Boost our precincts to avoid a city of “haves and have nots”

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5 March

Peter Konidaris - PwC Melbourne Managing Partner. This article first appeared in The Herald Sun, 5 March 2018.

To this day, my parents cannot believe their luck.

Leaving family, culture, familiarity and war-torn Europe behind to land at an uninviting Station Pier, in this unknown city called Melbourne.

Fast forward to today, and Melbourne sits at the heart of Australia’s world-record 27 years of uninterrupted economic growth.

The city’s transformation over those 27 years is breathtaking. Our population has almost doubled, fuelled by migration from other states and overseas. That growth shows no signs of slowing down. In fact, Melbourne is Australia’s fastest-growing capital and is on track to be our largest city at some point in the 2030s.

And why wouldn’t people want to live here? Safe and clean, a thriving food scene, iconic arts and sports precincts, a rich tapestry of cultures and of course, great coffee!

But Melbourne is entering the next critical chapter in its story. The population growth that has underpinned much of our prosperity to date is creating new challenges.

Most Melburnians will say decent access to jobs, education, healthcare and leisure are at the top of that list. While Melbourne continues to sprawl outward, these cornerstones of liveability continue to be largely located in the inner suburbs.

The liveability of these inner suburbs can be seen in property prices, as they are some of the most expensive in Melbourne. This is forcing many Melburnians to live elsewhere, further away from many of the amenities that make Melbourne such a great place to live.

Unfortunately, it’s also forcing many Melburnians to commute over an hour to work each day, limiting their time for exercise, time with family and friends and encouraging unhealthy eating habits.

Despite good jobs growth stories in parts of the West, like in Truganina and Tarneit where distribution and logistics hubs are experiencing rapid growth, generally access to the services and spaces we need to live, work and play falls away significantly once you go west of the Maribyrnong River. Major infrastructure projects like the West Gate Tunnel are welcome and will help, but are only part of the solution.

The trend in the North is similar once you cross Bell Street. Unemployment and welfare are very high in areas such as Broadmeadows and Coolaroo, and job accessibility in the rapidly growing Doreen is very poor. Again, significant transport investment is already occurring but focusing on that alone will not deliver the lifestyles Melburnians expect.

The imbalance in liveability standards across Melbourne risks splitting us into a town of ‘haves’ and ‘have nots’.

This is one of the reasons why PwC has just released CityPulse, a high-level view of Melbourne by suburb across three key criteria - Live, Work and Play. Bringing together data from both public and private sources to help identify broad trends across different regions, we hope CityPulse brings diverse stakeholders together and acts as a conversation-starter about Melbourne’s future.

Based on the findings from PwC’s CityPulse, part of the solution could lie in building mini CBDs across Melbourne where it makes sense. These hives of activity would attract all of the amenities that make a city liveable but would be closer to home than the CBD for many people.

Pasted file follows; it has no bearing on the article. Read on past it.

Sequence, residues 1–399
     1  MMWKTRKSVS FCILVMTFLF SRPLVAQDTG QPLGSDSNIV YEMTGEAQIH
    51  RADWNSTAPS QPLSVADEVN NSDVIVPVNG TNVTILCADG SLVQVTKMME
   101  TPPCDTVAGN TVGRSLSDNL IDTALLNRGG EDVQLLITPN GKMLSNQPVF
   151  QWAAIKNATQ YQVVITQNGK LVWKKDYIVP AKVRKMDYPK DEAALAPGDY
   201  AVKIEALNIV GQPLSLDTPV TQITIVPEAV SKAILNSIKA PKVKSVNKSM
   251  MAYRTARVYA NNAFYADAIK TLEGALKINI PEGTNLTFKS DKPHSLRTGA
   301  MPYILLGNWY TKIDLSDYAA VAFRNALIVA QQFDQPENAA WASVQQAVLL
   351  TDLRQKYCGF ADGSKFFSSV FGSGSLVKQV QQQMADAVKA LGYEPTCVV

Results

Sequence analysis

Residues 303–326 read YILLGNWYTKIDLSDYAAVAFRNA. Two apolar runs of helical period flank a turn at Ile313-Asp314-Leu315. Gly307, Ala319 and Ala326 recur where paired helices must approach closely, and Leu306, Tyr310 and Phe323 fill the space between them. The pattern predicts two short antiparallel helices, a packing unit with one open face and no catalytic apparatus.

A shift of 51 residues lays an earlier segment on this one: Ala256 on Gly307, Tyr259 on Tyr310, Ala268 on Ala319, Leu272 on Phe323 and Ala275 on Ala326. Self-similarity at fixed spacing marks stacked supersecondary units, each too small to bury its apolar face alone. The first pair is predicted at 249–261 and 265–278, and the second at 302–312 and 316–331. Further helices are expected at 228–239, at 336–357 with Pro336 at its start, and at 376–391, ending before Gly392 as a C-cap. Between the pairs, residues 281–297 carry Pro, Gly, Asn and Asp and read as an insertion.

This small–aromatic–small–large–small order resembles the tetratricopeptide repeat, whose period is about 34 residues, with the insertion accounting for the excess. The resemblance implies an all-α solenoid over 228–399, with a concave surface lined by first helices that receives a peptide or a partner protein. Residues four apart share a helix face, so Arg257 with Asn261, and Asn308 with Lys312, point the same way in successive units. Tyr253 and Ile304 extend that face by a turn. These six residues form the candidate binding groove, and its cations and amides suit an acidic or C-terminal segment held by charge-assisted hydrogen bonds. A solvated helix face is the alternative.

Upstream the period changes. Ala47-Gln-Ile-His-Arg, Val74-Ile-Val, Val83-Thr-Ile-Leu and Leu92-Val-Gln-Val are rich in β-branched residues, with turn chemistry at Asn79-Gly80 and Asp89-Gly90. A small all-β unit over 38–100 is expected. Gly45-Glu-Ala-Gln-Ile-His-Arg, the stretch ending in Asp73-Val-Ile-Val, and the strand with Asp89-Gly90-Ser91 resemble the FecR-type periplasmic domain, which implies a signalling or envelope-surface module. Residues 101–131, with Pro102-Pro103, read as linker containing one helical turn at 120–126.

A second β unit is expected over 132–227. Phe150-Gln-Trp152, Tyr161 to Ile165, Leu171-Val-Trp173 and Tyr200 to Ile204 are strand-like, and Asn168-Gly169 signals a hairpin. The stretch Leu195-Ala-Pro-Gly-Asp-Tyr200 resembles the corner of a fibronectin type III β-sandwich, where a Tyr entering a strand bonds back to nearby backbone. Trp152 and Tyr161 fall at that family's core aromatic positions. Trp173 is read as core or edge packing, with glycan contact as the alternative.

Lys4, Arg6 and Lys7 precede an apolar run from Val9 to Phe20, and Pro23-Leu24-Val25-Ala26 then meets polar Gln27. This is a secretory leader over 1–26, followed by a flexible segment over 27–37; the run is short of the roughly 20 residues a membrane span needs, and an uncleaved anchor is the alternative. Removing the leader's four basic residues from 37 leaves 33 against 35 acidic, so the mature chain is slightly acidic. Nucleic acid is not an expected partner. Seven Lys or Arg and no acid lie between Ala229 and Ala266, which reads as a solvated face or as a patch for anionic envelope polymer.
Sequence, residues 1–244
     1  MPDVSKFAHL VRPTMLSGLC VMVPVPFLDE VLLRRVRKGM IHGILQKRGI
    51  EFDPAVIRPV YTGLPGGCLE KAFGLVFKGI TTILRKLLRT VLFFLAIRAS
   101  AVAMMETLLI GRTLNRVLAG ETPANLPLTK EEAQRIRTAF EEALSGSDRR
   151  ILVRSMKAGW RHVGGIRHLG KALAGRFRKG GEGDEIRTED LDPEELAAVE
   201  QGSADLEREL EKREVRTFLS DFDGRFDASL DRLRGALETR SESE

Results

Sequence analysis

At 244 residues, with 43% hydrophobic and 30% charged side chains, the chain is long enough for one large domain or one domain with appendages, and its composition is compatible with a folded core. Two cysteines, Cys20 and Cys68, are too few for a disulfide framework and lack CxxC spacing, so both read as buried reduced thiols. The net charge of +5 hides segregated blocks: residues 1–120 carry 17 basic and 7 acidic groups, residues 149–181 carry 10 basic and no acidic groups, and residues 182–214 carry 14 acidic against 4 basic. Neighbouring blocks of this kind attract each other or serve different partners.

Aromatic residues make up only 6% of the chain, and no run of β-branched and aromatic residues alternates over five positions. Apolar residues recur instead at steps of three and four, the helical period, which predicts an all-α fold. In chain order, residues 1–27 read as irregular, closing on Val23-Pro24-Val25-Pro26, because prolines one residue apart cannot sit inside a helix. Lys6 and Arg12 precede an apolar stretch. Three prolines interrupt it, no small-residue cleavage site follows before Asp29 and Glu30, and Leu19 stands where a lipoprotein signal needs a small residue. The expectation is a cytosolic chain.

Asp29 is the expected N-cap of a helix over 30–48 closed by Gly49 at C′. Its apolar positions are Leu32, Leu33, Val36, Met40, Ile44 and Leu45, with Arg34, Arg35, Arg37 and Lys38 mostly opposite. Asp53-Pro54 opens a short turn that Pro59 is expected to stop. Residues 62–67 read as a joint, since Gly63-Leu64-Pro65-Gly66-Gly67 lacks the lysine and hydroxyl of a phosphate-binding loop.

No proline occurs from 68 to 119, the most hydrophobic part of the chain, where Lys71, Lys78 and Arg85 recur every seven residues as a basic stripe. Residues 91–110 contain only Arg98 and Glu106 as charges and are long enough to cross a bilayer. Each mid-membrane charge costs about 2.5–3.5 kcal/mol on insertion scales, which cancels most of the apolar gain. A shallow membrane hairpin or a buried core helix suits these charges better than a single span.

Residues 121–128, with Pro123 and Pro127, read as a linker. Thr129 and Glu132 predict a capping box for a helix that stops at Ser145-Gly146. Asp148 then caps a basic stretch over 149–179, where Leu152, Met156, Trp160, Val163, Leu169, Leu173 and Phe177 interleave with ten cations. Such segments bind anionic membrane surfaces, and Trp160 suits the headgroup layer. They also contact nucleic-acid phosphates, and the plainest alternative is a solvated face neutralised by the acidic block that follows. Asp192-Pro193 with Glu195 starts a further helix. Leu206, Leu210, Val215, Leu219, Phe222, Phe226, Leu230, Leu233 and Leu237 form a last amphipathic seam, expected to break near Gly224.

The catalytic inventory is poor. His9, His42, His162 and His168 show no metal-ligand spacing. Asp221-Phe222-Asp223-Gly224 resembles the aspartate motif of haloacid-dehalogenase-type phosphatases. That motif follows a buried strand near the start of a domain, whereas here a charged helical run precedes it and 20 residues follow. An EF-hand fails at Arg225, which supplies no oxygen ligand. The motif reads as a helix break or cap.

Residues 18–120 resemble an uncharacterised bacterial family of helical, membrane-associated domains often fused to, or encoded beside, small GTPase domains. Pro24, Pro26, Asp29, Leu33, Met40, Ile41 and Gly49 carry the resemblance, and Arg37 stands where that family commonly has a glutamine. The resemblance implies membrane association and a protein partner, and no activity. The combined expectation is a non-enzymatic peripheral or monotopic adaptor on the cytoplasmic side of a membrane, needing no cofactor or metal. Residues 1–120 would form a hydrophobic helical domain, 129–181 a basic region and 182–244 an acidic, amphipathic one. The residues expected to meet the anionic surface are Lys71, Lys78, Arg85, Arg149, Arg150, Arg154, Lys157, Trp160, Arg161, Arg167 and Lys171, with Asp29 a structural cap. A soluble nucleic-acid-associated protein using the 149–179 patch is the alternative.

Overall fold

The PwC data suggests that hubs are slowly growing organically across Melbourne but could do with a push.

We can see this in Clayton, where Monash University, Monash Health, the Australian Synchrotron and an expanding business park have become a commercial hub. This has, in turn, created demand for a range of support services in the area, leading to more jobs and opportunities. The proposed Victorian Heart Hospital will complement many of the established institutions in the area when it opens its doors in 2022.

Similarly, in Bundoora, where La Trobe and RMIT universities neighbour health services and the nearby Melbourne Market at Epping. The region has an opportunity to leverage its agribusiness reputation to become a gateway to our food bowls in the state’s north and west. There are also significant opportunities in the allied health space that can be realised through building collaboration between local health facilities and education centres.

Thriving precincts can also leverage their geographic location. Close proximity to major road and rail networks, giving access to transport gateways at Tullamarine, Avalon and Port of Melbourne make Sunshine one such site.

Planning for these precincts must be considered and designed to attract amenities which will enhance liveability for the surrounding areas. For instance while the outer West is enjoying good jobs growth, it lacks opportunities for play with not enough cultural, artistic and leisure resources suited to the needs and interest of its residents.

Could we imagine the possibility of an ‘Arts Centre West’ or ‘The Australian Ballet – North Campus’ bringing some purpose-built play to these exploding suburbs?

The Victorian Government has already started the journey. The Victorian Planning Authority has identified strategically important precincts across Melbourne and Victoria, and is building plans in conjunction with relevant stakeholders to bring their potential to life.

To truly build momentum though, we need to start broader conversations in Melbourne about how we move to a Melbourne of multiple CBDs - a ‘polycentric’ city. We can all play a part, whether we be government, business, community groups or individuals.

Today’s generation of Melburnians inherited the world’s greatest city. Let’s come together to make it an even better place to live, work and play for the generations to come.

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